Since 1992, the amount of outstanding credit card debt has significantly increased. It is expected to rise more over the next two years. Inflation has remained fairly stable during the 1990’s. However, it is difficult to determine future changes, which is why a short, two-year time frame is relatively reasonable for forecasting consumer debt.
The rest of this paper is organized as follows: Part 2. presents the
data used to forecast consumer outstanding credit debt, which includes
real personal consumption expenditures; Part 3. explains the theoretical
basis for the approach adopted in forecasting the consumer outstanding
debt; Part 4. presents forecasts of consumer outstanding credit debt for
1999 and 2000; Part 5. evaluates the importance of the forecast for the
economy; and Part 6. discusses conclusions for economic policy.
These variables are measured on a monthly basis. The sample period runs from January 1992 to December 1998. Note the sample period begins near the end of the recession the country was in during the early 1990’s. Real personal consumption expenditures was used as the explanatory variable since a large portion of these expenditures are financed with consumer credit.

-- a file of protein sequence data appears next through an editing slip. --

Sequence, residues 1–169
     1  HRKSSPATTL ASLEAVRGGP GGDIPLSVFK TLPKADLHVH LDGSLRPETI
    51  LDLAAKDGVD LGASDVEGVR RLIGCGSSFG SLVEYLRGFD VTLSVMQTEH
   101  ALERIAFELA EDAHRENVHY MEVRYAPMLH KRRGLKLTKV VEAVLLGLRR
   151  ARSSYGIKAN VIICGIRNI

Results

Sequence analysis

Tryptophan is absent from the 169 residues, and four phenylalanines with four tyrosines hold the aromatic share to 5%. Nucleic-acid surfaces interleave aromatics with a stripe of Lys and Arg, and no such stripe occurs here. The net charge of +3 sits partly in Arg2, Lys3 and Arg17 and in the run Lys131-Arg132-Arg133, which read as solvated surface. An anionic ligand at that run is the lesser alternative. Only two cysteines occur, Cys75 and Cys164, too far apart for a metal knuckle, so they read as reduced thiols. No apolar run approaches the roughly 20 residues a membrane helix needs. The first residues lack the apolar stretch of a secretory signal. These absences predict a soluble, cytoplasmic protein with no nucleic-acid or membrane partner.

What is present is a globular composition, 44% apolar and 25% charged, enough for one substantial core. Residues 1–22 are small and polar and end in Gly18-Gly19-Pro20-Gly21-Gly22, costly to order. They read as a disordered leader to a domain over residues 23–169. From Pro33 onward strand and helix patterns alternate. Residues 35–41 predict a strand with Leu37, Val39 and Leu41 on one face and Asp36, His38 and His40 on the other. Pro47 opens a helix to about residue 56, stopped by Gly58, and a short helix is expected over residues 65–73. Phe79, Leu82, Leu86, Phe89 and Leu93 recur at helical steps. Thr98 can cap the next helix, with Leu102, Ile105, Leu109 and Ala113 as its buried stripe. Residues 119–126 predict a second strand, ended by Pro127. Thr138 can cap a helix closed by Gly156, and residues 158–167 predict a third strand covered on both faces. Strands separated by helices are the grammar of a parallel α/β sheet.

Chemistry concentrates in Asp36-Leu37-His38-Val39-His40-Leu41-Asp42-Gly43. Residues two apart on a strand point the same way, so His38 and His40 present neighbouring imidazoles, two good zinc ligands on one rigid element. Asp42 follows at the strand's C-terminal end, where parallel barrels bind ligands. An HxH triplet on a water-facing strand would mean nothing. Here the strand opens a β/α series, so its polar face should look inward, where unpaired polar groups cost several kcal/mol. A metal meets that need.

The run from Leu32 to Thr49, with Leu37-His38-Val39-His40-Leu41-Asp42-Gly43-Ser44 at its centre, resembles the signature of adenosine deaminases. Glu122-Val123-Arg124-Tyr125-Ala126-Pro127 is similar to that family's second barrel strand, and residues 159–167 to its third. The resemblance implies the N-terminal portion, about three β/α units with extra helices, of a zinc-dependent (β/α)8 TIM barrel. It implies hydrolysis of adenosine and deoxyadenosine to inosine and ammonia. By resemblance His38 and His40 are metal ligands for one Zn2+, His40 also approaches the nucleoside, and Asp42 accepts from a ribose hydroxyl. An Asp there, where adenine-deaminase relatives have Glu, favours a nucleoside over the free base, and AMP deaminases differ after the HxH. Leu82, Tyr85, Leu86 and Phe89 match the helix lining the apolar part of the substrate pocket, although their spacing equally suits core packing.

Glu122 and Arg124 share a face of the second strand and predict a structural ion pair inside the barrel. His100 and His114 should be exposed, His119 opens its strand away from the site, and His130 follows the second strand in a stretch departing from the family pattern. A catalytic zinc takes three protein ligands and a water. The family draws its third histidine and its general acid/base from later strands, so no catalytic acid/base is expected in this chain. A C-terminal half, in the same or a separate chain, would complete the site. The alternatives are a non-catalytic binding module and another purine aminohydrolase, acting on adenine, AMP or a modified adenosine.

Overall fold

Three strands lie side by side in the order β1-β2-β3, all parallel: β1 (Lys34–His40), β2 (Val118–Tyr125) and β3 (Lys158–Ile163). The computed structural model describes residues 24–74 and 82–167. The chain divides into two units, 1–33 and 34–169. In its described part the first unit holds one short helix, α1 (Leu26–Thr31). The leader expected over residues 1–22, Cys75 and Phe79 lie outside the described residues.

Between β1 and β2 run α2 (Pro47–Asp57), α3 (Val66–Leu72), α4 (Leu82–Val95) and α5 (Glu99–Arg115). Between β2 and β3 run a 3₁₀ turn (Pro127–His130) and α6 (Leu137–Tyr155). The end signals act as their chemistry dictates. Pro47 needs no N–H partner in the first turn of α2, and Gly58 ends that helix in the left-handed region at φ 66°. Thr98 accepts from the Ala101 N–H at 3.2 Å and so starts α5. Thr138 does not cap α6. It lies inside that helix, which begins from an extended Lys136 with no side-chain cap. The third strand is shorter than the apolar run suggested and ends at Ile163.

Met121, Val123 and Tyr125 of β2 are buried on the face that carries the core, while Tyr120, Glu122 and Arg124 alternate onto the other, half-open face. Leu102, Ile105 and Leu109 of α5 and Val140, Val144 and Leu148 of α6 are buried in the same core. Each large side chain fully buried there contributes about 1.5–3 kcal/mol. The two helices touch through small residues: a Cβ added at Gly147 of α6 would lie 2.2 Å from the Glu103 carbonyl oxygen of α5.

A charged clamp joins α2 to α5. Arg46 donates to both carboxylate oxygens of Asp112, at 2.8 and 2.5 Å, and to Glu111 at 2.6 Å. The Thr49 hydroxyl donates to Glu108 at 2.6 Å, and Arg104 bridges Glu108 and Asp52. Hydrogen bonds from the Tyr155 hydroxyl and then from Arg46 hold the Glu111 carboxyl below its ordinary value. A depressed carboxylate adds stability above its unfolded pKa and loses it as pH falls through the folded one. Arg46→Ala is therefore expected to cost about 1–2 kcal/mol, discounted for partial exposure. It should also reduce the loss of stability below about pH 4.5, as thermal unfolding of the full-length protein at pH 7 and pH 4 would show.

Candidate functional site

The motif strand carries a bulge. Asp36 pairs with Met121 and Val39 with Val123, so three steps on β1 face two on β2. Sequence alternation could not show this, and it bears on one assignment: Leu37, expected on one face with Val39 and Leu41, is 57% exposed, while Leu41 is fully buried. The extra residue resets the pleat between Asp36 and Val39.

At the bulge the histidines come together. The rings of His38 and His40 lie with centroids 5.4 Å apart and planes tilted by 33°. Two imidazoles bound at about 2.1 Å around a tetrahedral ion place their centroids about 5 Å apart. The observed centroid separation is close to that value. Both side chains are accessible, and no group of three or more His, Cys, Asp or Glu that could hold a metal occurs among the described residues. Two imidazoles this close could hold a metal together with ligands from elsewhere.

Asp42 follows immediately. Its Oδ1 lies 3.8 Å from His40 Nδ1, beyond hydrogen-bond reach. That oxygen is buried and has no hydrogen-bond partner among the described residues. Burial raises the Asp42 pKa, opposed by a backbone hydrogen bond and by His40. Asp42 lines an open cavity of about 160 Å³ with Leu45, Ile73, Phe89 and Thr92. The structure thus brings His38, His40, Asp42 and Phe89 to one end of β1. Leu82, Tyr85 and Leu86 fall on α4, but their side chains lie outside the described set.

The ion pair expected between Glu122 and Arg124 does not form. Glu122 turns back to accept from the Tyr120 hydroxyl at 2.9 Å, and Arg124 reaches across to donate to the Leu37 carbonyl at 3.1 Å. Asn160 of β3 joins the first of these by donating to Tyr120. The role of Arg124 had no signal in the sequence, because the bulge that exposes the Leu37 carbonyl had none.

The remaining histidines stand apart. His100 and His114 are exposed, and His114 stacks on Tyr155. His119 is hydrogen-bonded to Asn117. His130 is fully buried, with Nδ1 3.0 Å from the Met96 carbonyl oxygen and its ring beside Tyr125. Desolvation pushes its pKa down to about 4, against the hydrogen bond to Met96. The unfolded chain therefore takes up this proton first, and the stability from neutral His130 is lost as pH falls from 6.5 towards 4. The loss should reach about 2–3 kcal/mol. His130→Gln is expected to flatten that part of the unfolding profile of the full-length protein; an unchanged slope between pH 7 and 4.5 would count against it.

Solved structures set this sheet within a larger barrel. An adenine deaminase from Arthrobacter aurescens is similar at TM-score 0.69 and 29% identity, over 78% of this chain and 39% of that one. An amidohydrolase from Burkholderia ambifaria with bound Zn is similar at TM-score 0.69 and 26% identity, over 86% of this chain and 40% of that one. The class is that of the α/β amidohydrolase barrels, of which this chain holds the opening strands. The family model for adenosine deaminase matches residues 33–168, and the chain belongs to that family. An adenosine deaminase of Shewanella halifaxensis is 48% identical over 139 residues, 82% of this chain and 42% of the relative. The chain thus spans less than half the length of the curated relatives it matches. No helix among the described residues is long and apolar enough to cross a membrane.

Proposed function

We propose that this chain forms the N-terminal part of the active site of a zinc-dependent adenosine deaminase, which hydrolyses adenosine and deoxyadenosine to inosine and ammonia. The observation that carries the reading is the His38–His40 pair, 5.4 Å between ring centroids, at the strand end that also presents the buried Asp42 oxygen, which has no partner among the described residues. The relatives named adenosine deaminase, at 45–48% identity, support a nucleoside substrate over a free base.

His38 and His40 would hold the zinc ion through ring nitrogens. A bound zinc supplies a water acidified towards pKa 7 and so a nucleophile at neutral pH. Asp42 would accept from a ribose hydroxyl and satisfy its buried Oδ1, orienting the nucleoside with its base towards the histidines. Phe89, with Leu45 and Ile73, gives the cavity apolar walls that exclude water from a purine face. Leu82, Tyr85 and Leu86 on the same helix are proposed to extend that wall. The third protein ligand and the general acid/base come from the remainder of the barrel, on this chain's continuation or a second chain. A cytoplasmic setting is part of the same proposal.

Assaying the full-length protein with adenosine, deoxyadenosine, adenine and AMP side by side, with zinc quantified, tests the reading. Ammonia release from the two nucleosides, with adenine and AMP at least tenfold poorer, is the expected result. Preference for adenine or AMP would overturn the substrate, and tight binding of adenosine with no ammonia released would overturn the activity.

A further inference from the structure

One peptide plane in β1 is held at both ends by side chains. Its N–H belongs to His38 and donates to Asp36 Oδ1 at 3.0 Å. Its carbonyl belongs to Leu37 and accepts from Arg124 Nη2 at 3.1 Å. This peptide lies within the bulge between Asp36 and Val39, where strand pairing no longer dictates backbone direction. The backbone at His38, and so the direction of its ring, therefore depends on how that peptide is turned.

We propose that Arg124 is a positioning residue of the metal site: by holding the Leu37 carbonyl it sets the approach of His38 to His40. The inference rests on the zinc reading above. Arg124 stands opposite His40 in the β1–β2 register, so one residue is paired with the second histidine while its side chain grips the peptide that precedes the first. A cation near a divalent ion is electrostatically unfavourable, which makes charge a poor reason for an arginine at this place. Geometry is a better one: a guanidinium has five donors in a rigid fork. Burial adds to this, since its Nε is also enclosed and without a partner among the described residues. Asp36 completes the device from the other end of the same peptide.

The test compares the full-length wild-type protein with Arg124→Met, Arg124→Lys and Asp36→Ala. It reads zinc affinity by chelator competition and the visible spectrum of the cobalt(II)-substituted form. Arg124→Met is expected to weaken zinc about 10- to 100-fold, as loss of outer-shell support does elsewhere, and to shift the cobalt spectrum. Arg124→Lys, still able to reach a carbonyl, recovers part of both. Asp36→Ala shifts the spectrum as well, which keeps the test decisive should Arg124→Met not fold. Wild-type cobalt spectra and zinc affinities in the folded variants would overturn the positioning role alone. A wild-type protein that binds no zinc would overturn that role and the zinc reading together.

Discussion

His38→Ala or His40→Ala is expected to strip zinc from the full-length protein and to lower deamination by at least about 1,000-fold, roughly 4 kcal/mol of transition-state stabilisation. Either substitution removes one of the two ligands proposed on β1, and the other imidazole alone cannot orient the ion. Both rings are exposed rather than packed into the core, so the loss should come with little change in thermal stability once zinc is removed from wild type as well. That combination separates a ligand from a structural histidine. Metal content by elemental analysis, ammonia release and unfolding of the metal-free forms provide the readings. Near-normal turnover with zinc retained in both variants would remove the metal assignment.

The forecast horizon is two years into the future. The regression used is univariate, since real personal consumption expenditures is the only independent variable. The right hand side (RHS) variable is lagged 24 months to provide data for the forecast calculations.
Both sets of data are increasing over time, and appear to be linear. From this, it is assumed that there is a directly proportional relationship between the two variables. This is demonstrated by the graph provided above.